Gitchell's house: Pretty as a picture
SIZE: 2836 fin. sq. ft. /1406 unfin.
YEAR BUILT: 1910
ADDRESS: 1033 Locust Avenue
NEIGHBORHOOD: Locust Grove
CURB APPEAL: 8 out of a possible 10
LISTED BY: Loring Woodriff, McLean Faulconer Inc. 295-1131
People who've been around Charlottesville for a long time refer to certain houses by the names of the original owners. There are the Valentine house and Mrs. Duke's house on Park Street, the Barringer mansion on JPA, and the Carter-Gilmer House on East Jefferson, for example. This house is known to old-timers as the Gitchell house because it was the home of that famous local photographer.
But he probably wouldn't recognize it in its present incarnation. The painted clapboard of his four-over-four dwelling has been replaced with stucco, and a wing has been added to significantly enlarge the space. In addition to the basic rooms the Gitchell family enjoyed, the house now boasts a music room, a master suite and bath (replete with bidet), and decks galore.
If you had to sum up the essence of the house, though, it would not be in the elements common to houses of its vintage the standing-seam tin roof, the plaster walls, the expansive wrap-around front porch, the glowing oak and pine wood floors.
It would not even be the 20th-century upgrades: stairs leading to a nifty little attic play-space from a child's bedroom, the tile floor in the master bath, or even the stylish addition.
The aspect of this house that a 21st century buyer will relish as much as the Gitchell clan probably did is the country serenity and feeling of repose all amazingly within walking distance of the center-city.
Entering the gate of the (surprisingly rudimentary) wire and post fence, you feel as though you have been transported directly to grandma's farm. Standing in the front yard admiring the many perennials and baby boxwoods, and loomed over by oaks and magnolias, you may wonder if that sound you hear can really be chickens clucking. It is.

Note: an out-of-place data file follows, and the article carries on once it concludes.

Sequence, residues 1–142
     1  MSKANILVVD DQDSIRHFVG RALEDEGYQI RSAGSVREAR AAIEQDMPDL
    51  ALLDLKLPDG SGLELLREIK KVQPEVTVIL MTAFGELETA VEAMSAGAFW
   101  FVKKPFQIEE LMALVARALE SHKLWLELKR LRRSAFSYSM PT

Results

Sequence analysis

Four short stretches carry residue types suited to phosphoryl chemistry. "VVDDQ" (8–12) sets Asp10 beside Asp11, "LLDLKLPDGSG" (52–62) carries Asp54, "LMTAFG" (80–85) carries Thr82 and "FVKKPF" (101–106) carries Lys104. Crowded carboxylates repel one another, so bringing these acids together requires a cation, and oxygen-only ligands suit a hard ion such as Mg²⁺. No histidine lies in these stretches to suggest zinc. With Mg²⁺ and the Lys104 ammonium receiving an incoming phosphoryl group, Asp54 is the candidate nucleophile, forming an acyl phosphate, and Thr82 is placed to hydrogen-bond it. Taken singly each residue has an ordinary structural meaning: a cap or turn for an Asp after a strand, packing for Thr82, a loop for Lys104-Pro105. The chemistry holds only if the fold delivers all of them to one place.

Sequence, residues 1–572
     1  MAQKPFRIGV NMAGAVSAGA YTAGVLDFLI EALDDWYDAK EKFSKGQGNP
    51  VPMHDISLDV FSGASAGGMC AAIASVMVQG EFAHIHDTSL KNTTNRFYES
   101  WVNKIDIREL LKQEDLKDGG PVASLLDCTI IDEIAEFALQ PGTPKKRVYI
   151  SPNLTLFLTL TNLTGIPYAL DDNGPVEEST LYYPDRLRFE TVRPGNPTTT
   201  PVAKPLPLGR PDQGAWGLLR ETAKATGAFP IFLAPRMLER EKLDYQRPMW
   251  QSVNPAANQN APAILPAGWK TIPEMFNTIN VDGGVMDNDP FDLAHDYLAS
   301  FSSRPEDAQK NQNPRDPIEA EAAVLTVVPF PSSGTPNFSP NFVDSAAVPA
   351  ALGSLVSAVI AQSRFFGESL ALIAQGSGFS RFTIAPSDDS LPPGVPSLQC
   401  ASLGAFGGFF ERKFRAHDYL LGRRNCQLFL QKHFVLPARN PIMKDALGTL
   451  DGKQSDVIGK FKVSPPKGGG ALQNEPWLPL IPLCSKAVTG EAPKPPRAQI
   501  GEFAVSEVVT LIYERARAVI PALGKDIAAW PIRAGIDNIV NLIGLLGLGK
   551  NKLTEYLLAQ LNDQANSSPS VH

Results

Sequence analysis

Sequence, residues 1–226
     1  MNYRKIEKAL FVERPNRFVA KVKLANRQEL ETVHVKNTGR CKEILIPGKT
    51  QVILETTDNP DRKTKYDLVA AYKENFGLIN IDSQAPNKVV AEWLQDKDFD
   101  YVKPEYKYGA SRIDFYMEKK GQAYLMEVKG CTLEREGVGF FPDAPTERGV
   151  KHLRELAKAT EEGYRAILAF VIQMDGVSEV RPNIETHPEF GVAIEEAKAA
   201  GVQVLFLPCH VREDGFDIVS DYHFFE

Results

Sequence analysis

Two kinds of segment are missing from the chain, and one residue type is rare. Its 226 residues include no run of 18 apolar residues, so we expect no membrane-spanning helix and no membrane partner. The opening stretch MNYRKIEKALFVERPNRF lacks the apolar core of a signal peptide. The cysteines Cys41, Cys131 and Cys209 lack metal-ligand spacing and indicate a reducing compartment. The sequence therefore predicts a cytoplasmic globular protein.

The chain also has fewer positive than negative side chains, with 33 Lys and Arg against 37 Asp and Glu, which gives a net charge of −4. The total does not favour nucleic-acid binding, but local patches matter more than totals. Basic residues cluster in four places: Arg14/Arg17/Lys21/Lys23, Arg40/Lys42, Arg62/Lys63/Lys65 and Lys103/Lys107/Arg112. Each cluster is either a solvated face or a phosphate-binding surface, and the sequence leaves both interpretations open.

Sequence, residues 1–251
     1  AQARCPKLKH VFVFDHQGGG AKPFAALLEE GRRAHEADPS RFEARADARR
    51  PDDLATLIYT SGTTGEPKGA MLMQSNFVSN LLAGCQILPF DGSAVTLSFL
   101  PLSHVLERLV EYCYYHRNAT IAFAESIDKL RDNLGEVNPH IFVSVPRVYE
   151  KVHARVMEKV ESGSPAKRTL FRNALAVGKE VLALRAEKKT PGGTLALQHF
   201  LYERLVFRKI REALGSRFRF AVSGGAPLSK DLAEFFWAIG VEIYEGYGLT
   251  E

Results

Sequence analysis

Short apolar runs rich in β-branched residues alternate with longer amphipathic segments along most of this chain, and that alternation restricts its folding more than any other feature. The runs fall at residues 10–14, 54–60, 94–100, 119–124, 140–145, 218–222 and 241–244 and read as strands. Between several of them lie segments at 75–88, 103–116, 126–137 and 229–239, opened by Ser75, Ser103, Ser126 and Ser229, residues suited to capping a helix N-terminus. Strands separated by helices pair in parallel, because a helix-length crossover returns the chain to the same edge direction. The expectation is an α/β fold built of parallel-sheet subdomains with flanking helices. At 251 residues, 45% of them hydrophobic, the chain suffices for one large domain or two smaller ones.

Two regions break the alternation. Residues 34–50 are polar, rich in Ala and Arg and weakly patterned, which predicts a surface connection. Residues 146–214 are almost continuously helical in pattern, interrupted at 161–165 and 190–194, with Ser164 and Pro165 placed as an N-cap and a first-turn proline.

Out in the secluded back yard, a smallish garden and chicken coop are tucked between the house and a three-bedroom cottage and artist's studio. The space is insulated not only from Locust Avenue out front, but also from neighbors on either side. The agent reports that the several decks afford views of distant mountains in the winter, and in this lush spring, the views of varying shades of green trees as far as the eye can see are quite appealing.
More needs to be said about the cottage, which is currently, and legally, rented. It's quite spacious, with two large bedrooms, a dressing area, ample kitchen, dining area, large living room with fireplace, and full bath. If I bought this property, I'd live in the cottage and rent out the main house.
The artist's studio, mainly now a storage space, reeks of the funky mold of disuse, but it does have a full bath, pretty French doors, wide front windows, and a fireplace. These two dependencies don't have the views the larger house enjoys because of their location below the crest of Locust Avenue, but they are private and charming without them.
Because of its vintage and the appeal of the many upgrades, the property will undoubtedly find some admirers. There are a few odd elements, however, that may put off buyers who expect near perfection when they ante up $735,000. In the living room, for example, a large chunk of plaster has fallen away worrisome but rather than repair it, the owner has chosen to treat it as a "decorative element," and has placed cutesy little angels on the perimeter. Where some people glimpse heaven, however, others may see signs of costly plaster repair.
Such are the perils of buying a house almost 100 years old. But many are the charms. Combined with the lovely grounds, the latter will probably sway a well-heeled house-hunter to move into Mr. Gitchell's house and see what develops.